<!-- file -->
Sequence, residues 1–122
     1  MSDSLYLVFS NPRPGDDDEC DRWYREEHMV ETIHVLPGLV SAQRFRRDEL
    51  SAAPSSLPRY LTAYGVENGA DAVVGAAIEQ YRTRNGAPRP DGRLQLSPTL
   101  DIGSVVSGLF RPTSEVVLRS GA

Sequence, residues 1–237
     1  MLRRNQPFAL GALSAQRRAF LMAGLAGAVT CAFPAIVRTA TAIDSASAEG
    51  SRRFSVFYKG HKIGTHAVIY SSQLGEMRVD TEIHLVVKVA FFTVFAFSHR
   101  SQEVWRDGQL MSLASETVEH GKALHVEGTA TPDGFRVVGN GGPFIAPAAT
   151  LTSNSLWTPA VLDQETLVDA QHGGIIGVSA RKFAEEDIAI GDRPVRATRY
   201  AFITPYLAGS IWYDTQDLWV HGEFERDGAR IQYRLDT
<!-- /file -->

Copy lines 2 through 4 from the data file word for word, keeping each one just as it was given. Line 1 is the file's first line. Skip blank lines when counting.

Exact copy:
     1  MSDSLYLVFS NPRPGDDDEC DRWYREEHMV ETIHVLPGLV SAQRFRRDEL
    51  SAAPSSLPRY LTAYGVENGA DAVVGAAIEQ YRTRNGAPRP DGRLQLSPTL
   101  DIGSVVSGLF RPTSEVVLRS GA